As early as 1803, Hamilton began to make plans to subdivide parts of the estate for a housing development he intended to name “the village of Hamilton,” although these plans were never realized. Following Hamilton’s death in 1813, The Woodlands—then comprising about 385 acres—passed to Hamilton’s nephew James Hamilton (d. 1817). After James’s death four years later, Hamilton’s heirs found the expense of maintaining The Woodlands difficult to sustain. The mansion house was rented out by 1826, suggesting that the Hamilton family had already moved out of the property by this time. The following year, The Woodlands was sold at a sheriff’s sale to Henry Beckett, a distant Hamilton in-law who was acting on behalf of members of the Hamilton family. Beckett then almost immediately sold the mansion and surrounding 91 acres out of the Hamilton family to Thomas Flemming in 1828. In 1831 the developer Thomas Mitchell purchased the mansion and surrounding property and built wharves across the estate’s waterfront. Although Mitchell also planned to build a canal through the property, he abandoned that idea in favor of developing the estate as a rural cemetery. In 1840, the property was acquired by four trustees of The Woodlands and, in 1843, 75 acres were transferred to the Woodlands Cemetery Company.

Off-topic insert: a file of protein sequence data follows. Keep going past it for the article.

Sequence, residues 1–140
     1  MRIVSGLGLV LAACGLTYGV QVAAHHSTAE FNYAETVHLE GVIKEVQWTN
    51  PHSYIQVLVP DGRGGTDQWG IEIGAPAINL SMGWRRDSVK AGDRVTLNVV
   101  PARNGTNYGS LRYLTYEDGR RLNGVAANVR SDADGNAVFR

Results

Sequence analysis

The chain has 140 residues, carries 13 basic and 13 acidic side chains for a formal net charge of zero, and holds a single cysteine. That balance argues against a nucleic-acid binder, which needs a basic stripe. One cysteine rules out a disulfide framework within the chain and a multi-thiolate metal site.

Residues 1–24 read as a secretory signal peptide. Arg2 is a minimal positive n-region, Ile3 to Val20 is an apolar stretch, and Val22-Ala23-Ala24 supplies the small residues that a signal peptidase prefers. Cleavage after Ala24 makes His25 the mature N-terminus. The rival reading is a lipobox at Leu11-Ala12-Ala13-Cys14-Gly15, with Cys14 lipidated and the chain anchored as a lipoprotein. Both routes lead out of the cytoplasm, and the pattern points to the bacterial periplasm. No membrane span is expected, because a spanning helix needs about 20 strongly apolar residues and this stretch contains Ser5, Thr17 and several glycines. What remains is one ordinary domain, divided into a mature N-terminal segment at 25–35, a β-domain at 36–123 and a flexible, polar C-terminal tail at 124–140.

The Woodlands Cemetery Company’s directors honored Hamilton’s legacy by preserving the mansion (which, from the 1850s, was used as an office) and allowing access to Hamilton’s gardens and greenhouse. The Philadelphia seedsman Henry Augustus Dreer (1818–1873) was even permitted to operate his nursery business at The Woodlands from 1839 until about 1850. In the winter of 1841–42, the surveyor Philip M. Price (1802–1870), who had already contributed to a number of other rural cemetery projects, devised a plan for The Woodlands that combined aspects of both the geometric style and the natural style of landscape design. The cemetery was divided into sections bounded by winding roads, with each section designed individually. The earliest sections to be developed were located in the inner core of the grounds, and laid out with alleys, diagonal paths, and curving walks to provide access to individual graves and family plots. The outer subdivisions of the cemetery were initially left as undeveloped green space. Avenues named for trees (occasionally corresponding with those planted along them) provided major access routes. Hamilton’s greenhouse was demolished in 1854 to make room for sheds for horses and carriages, and the mansion and stable-carriage house are the only Hamilton-era buildings that remain at the site of The Woodlands today.